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I know nothing on this subject, but I need suggestions about the best tools or method for creating a setup program that installs python, some custom python modules, some other python modules such as PIL, and some EXE dependencies, all living on a network repository, on windows machines. In the repository are installers for python (msi file), PIL (exe file), the custom python modules (pyc files), and two windows executables (and exe file and a zip file). Any advice welcome.

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2 Answers 2

You can do this with any of the installer applications out there. Each of the dependent installers has a silent install option, so your installer just needs to invoke the installers for each of the dependencies in the right order. I won't recommend any windows installer application in particular because I don't like any of them, but they will all do what you want.

The other option you have is to use py2exe which can bundle everything into a single exe file that runs in its own python environment. The plus side to this is you don't have to worry about installing Python in the users environment and have the user potentially uninstall python and then have your app stop working because everything is in a standalone environment.

Other ways that I have seen this done is with a custom exe written in whatever compiled Windows Language you prefer that does all this for you, but this takes a lot of work.

You could also get the advantage of the py2exe route with a little work on an installer you write with either an installer app or a standalone exe that handles the install, by manually placing the python.exe, dll and related code in the proper directories relative to your application code. You may have to mess with your PYTHONPATH environment setting when your app starts to get everything working, but this way you don't have to worry about installing Python and whether the user already has Python installed or if they uninstall it because then you have the Python version you need bundled with your app.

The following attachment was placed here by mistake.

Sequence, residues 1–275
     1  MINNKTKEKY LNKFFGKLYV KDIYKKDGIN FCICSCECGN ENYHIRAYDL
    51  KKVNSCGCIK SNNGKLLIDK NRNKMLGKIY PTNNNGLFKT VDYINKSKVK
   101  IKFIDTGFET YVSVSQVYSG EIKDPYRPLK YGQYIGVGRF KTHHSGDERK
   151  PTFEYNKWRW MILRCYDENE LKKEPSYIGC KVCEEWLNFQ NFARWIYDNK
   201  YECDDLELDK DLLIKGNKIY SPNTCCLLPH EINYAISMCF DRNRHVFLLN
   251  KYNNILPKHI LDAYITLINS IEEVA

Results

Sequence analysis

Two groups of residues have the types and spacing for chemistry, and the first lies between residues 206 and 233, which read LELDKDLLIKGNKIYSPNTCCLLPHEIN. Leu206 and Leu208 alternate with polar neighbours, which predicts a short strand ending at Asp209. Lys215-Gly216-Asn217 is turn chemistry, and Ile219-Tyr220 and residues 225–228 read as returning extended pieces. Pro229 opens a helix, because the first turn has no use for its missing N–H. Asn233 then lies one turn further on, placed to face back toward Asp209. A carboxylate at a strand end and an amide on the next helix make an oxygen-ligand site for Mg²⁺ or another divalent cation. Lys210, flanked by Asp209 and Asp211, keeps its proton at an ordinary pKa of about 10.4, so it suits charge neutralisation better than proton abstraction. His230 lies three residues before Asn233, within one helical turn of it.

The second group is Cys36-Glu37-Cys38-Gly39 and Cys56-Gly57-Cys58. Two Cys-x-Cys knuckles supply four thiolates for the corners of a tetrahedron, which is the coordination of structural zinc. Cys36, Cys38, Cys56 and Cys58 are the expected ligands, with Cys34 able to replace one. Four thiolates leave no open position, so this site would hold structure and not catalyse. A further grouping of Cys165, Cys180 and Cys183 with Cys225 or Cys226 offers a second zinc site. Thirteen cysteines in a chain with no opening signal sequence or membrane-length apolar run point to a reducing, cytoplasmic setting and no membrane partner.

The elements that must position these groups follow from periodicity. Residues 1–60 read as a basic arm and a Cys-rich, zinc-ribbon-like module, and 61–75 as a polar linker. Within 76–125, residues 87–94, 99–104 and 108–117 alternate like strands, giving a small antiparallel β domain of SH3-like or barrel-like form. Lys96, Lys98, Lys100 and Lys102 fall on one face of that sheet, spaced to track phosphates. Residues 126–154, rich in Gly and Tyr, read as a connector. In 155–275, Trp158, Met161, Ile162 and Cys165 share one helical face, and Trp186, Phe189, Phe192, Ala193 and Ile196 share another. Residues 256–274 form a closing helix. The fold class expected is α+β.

One thing to note is that if you are worried about size the Python installer itself is about 10 MB before any dependencies, but a lot of that is not relevant to an end user using your app, There is no Python Runtime Environment installer like there is a Java runtime Environment installer that just install what you need to run Python, you always get the development tools.

Hope this helps a little.

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Nice response Michael.

But, py2exe can intimidate the more novice user, for them it may be easier to use pyinstaller 1.5.1 (There's 2.x available, but it over complicated itself, although it has simple and powerful library hooking [ which you will most likely not need]).

All pyinstaller requires is to be Configured (Automatic with Configure.py), and the main source file of your executable, and it will take care of the rest.

After downloading pyinstaller, you can set it's path as an environment variable, and you can now make an executable in about three lines in a batch or cmd.

I usually have a batch script made that will allow me to easily change a few labels, drop the script in the directory of my choosing, and make the executable in one click.